Afghanistan veteran Norris was medically discharged with a spinal injury and PTSD. Thanks to our partnership with The Poppy Factory, he has regained his confidence and is looking forward to the future.

Norris moved to the UK from St Vincent and the Grenadines in the Caribbean in 2007, settling in the West Midlands. The following year, aged just 20, he joined 2nd Battalion, the Mercian Regiment. After completing training, he did a tour of Afghanistan in 2009, including Operation Panther’s Claw in Helmand Province. He says: “When we started losing a lot of guys, I got worried. Everyone in my team wondered if they would make it through each day.”

His regiment had to stay out longer in Afghanistan than they were meant to and that’s when things started to go wrong. There were numerous explosions. Once, while out on observation, they were ambushed and Norris was hit by a rocket-propelled grenade, resulting in serious injury.

On his return to England, Norris was transferred to work in the Officers’ and Sergeants’ mess, which was very different to being a soldier. He was then medically discharged with a spinal injury and PTSD in 2013, and had to adjust to the civilian world without having the time to undergo a gradual transition from the Army. “I was trying my hardest to get a job. I worked in a few different places. People would always ask nasty questions about the experiences I’d had while serving, and I felt they would look down on me.”  Norris said. Wanting simply to pay the bills and put food on the table, the Afghanistan veteran found himself in a very difficult situation and had a hard time coping.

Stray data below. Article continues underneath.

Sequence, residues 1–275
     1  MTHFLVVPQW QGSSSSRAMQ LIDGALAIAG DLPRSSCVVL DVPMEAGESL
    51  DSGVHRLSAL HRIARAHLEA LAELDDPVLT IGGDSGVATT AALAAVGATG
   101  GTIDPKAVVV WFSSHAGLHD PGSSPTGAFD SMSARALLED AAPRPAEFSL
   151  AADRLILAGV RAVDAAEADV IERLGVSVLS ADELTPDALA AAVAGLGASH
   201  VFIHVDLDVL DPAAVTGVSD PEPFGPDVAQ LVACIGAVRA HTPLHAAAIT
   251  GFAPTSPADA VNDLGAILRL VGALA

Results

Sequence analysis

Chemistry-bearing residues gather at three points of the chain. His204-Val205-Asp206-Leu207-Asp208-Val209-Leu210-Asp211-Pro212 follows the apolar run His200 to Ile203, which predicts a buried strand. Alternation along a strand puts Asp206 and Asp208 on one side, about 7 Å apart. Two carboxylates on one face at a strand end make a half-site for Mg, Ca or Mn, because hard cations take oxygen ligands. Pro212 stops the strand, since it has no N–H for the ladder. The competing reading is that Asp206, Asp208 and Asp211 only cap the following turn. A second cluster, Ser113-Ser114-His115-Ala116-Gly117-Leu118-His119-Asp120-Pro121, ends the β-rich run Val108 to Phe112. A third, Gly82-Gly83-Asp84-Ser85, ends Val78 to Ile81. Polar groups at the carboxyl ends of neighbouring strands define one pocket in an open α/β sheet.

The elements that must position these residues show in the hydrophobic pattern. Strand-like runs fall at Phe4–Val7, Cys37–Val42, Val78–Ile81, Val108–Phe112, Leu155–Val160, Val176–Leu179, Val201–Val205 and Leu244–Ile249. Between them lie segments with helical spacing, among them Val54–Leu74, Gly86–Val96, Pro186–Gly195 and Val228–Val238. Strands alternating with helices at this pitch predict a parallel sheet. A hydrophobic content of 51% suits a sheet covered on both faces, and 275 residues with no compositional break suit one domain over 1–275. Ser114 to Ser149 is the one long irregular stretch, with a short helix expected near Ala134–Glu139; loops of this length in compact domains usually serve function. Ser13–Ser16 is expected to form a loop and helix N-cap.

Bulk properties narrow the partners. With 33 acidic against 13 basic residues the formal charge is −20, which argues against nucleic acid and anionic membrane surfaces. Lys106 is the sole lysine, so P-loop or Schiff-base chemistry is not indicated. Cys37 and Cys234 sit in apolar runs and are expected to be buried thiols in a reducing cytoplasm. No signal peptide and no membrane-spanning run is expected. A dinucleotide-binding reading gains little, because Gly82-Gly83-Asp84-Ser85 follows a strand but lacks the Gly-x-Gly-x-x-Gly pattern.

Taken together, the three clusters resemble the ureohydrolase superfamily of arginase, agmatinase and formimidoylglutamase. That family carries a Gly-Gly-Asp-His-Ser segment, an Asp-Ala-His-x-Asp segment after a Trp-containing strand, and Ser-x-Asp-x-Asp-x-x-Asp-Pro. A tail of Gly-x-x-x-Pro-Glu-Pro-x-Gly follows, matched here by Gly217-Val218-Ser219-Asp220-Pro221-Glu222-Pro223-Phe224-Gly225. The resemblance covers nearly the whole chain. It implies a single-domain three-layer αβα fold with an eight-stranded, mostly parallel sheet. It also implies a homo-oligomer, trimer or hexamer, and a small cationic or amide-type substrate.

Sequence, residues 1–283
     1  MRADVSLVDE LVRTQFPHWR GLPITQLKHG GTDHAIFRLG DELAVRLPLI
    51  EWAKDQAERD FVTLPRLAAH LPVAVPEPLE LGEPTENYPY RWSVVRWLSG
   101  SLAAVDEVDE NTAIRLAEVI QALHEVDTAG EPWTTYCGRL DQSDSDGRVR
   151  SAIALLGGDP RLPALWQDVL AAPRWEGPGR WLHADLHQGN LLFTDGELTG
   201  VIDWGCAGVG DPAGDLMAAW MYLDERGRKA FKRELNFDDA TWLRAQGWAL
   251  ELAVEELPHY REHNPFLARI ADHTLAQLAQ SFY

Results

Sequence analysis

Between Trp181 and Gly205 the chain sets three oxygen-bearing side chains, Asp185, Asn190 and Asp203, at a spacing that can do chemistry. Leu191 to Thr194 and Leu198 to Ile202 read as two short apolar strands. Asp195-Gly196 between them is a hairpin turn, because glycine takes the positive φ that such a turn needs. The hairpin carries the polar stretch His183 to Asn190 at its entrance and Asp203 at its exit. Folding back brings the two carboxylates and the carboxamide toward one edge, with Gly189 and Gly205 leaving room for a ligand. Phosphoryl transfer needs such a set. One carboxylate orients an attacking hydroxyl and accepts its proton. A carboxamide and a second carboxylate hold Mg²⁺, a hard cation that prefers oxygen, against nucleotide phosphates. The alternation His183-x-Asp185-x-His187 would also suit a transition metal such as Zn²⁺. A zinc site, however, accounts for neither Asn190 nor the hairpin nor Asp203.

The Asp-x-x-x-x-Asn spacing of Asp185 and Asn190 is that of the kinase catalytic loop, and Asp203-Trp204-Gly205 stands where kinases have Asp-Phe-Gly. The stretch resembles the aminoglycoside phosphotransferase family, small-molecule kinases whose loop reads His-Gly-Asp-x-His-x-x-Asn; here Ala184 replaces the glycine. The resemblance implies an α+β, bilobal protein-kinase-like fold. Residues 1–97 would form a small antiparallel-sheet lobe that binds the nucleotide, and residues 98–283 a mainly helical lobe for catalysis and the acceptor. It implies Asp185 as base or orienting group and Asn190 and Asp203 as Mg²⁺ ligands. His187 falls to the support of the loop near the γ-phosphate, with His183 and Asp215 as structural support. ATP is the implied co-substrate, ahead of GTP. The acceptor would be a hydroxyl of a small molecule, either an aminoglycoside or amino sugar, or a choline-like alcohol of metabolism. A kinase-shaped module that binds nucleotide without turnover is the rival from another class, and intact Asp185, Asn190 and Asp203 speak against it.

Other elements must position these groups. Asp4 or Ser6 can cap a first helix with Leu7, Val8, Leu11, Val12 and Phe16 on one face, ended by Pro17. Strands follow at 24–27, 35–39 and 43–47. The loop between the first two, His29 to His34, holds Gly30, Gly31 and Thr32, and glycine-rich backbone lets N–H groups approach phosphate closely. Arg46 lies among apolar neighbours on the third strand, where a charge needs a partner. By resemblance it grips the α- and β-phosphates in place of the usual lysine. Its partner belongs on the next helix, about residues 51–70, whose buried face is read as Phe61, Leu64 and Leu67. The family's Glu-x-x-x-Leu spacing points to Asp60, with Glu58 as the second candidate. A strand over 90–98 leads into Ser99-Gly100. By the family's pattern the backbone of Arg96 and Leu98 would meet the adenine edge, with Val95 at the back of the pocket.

Norris at The Poppy Factory.

Norris received support from the Poppy Factory, one of 43 charities funded by ABF The Soldiers’ Charity in the past year. The team at the Poppy Factory worked with Norris to develop his CV, which helped him land a role with a local telecommunications company, working as part of a team that lays fibre optic broadband cables. Although this opportunity has come to an end, it gave Norris a new sense of purpose and he now has plans for future growth: “In the long-term, I’d like to keep developing a plan for my own distribution business that I wrote up before the virus. I’m ambitious for the future.” 

During the pandemic, Norris worked with a local firm laying fibre-optic cables.

Norris commented: “I am very thankful to ABF Soldiers’ Charity for the work they did, enabling me to receive some funding from The Poppy Factory which has led to employment.” 

ABF The Soldiers’ Charity is delighted to support The Poppy Factory with an annual grant towards employment support for wounded, injured and sick soldiers. Through our joint efforts, Army veterans like Norris can receive the help they need when seeking employment.

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